“Are you ok, Girl?” Uncle John asked, returning to the living room. Baby John covered us under his blankie, leaning his head against my shoulder. I tried to not be mad, cause I didn’t want to upset him. But my stomach was burning, and my chest, and ribs, and throat felt like fire. My teeth chattered so much I bit the inside of my lip on accident. My head felt like an explosion.
“I hate Daddy,” I said.
Baby John hid his head under the blankie.
“There, there, Girl,” Uncle John said. “You don’t mean it. What does the Bible say about honoring your mother and father?”
“I don’t care!” I said. “I hate him, I hate him, I hate him!”
Baby John started to cry. I guess I scared him with my yelling. But I couldn’t stop. It was like I’d taken the cap off a shook-up coke bottle, with my words flying everywhere.
“And I hate Matty, and Mommy, and I hate God too!”
And that was the exact moment when my soul was condemned to hell. How could I ever say I hate God? I didn’t mean those words. I didn’t even know they were in my head. I said them on accident, but it doesn’t matter. I’d blasphemed the Holy Spirit.
Uncle John was extra nice to me after that, getting us my favorite pizza with pepperoni and sausage on top. He played Legos with me and let me watch cartoons. He must have felt sorry for me, knowing that I was doomed to hell.
When Mom and Dad got back from the hospital, his arm was all bandaged up. They both looked tired and droopy, like it was late at night even though the sun was still out. Mommy vacuumed up the rest of the glass that Uncle John missed from the French door Dad punched out. I expected Dad to punish me, but he hugged me instead, and said he was sorry. Uncle John must have told him what I’d done – there was not a spoon in the world that could save me now. Daddy must have given up.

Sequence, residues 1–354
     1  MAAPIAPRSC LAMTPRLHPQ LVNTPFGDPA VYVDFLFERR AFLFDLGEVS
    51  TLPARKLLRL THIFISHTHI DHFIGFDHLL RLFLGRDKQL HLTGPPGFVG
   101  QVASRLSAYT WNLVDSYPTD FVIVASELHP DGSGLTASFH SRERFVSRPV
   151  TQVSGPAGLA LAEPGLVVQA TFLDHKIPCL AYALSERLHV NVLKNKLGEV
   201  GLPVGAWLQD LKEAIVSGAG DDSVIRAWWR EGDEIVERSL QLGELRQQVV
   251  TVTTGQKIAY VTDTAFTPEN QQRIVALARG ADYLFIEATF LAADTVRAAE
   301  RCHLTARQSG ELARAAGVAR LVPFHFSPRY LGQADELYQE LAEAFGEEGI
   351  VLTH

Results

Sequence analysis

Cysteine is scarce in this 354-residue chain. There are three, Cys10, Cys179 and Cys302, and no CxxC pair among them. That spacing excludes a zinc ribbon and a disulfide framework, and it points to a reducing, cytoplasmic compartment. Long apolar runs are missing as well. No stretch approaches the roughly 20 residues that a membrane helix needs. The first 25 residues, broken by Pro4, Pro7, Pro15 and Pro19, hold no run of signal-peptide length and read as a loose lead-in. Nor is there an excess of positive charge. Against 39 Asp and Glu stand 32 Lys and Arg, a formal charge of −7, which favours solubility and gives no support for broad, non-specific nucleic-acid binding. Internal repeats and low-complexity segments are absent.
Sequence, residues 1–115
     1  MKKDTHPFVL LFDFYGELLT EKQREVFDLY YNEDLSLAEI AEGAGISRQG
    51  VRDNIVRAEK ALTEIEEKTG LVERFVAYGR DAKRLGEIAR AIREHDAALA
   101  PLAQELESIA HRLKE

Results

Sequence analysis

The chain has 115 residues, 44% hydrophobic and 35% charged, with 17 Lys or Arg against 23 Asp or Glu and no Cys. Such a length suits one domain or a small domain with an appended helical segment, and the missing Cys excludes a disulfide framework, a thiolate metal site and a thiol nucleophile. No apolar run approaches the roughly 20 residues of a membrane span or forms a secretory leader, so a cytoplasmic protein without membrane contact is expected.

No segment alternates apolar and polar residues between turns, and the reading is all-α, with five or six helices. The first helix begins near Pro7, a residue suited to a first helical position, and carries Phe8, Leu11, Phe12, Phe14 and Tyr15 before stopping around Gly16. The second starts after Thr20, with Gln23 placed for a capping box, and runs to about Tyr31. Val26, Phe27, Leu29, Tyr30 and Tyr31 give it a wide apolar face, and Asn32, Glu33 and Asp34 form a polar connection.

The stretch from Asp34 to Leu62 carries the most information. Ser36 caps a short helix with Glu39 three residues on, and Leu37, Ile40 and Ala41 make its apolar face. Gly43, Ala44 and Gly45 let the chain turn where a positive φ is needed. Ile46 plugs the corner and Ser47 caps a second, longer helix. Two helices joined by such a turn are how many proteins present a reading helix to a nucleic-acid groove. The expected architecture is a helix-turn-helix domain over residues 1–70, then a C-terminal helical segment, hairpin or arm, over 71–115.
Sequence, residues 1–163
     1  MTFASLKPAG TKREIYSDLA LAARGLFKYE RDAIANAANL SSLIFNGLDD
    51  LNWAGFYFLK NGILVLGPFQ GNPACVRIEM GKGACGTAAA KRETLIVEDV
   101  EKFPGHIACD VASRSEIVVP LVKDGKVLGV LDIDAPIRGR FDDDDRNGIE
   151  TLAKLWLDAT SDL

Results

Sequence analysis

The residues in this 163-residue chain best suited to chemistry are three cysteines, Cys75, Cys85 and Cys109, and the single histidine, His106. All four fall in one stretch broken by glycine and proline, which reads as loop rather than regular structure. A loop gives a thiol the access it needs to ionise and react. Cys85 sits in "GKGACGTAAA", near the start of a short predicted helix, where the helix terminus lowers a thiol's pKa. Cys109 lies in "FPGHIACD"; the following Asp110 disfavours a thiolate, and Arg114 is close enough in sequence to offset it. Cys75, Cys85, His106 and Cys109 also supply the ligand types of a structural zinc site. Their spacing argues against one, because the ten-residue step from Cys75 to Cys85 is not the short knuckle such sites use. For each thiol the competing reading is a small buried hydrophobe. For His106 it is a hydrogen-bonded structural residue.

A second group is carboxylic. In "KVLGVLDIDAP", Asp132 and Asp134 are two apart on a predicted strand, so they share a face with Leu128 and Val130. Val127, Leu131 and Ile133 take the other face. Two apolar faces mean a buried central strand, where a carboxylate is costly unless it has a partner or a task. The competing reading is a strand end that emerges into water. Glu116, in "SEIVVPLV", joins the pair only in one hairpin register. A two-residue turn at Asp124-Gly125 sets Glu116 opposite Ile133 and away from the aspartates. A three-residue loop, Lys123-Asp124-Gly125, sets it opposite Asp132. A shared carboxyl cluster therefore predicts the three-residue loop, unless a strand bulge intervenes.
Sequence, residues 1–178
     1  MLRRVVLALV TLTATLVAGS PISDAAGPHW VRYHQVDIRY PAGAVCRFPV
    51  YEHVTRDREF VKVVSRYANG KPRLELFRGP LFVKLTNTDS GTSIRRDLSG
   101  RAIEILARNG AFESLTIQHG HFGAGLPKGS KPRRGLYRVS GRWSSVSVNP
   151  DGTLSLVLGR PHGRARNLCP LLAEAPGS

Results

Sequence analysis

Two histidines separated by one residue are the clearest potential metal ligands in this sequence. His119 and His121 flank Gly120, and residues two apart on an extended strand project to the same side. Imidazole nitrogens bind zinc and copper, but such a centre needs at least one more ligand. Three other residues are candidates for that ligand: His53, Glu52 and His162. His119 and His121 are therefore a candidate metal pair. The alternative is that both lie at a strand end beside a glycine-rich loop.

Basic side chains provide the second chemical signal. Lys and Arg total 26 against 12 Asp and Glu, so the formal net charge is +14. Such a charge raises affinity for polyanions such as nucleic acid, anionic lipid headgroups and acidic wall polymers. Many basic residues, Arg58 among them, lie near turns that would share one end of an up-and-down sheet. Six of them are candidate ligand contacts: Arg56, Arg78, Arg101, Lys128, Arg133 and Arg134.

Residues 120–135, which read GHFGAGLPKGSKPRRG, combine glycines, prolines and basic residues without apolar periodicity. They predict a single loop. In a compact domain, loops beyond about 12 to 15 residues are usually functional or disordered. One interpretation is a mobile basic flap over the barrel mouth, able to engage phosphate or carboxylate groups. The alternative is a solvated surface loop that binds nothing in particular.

Which is why I can’t sleep one wink tonight or most any night since. I put the pillow over my head and cry so as not to wake up Matty or scare Baby John with my secret.
I do this for who-knows-how-long, when I feel the bed shake. A body crawls next to mine that smells of creamy peanut butter and cheese crackers. I pull the pillow off my head. Two gigantic orange marble eyes stare right at me. Gabriel, Baby John’s stuffed lion, is sitting on my stomach. I can’t help but crack a smile.
“Meow, meow,” Baby John says as Gabriel dances on my belly. I laugh. “Meow, meow, meow.”
“What sound does a lion really make?” I ask. We’ve played this game before and I know he knows the answer.
He pauses, tilting his head.
“Woof, woof!” he barks, making Gabriel hop up and down on my belly. “Woooof!”
“That’s a doggy sound,” I laugh again, and pet Gabriel’s head. “Try again.”
He looks out the window, making that face he makes when he’s thinking hard, with his eyebrows all scrunched up. Even though we both know he knows the real answer.
“Roar, roaaar,” he says in a voice deeper and stronger than his own, his Gabriel voice that sounds just like a cartoon hero. He is lifting Gabriel up above us with both hands, “Roaaar!!!”
“That’s right, Sweetie,” I say, the words come out of my mouth kind of shaky. “The lion roars, just like that.”
He brushes my cheek with Gabriel’s furry paw, dabbing at the tears still at the edge of my eyes.
“Roar, roaaaar,” Gabriel yells, a little louder.
He sits Gabriel back on my belly and holds my hand.
“You’re a good girl, Mary,” he says, still with the Gabriel voice. “Roaaaaaaar!”
And it is in this very moment, looking into Gabriel’s golden eyes, my brother’s head against my shoulder, his hand in mine, the whir of the ceiling fan spinning round and round above us, somehow, I am forgiven.